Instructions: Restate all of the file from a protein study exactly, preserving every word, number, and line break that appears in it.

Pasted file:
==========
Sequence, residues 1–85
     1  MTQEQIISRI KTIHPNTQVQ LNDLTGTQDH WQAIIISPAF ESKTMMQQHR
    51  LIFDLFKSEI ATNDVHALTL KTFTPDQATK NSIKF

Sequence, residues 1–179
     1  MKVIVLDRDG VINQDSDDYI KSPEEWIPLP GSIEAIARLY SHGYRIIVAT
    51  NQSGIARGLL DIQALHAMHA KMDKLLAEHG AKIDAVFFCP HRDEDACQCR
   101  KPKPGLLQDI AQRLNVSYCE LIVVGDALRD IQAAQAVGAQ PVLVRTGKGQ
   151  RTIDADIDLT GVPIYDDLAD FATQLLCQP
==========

Sequence, residues 1–85
     1  MTQEQIISRI KTIHPNTQVQ LNDLTGTQDH WQAIIISPAF ESKTMMQQHR
    51  LIFDLFKSEI ATNDVHALTL KTFTPDQATK NSIKF

Sequence, residues 1–179
     1  MKVIVLDRDG VINQDSDDYI KSPEEWIPLP GSIEAIARLY SHGYRIIVAT
    51  NQSGIARGLL DIQALHAMHA KMDKLLAEHG AKIDAVFFCP HRDEDACQCR
   101  KPKPGLLQDI AQRLNVSYCE LIVVGDALRD IQAAQAVGAQ PVLVRTGKGQ
   151  RTIDADIDLT GVPIYDDLAD FATQLLCQP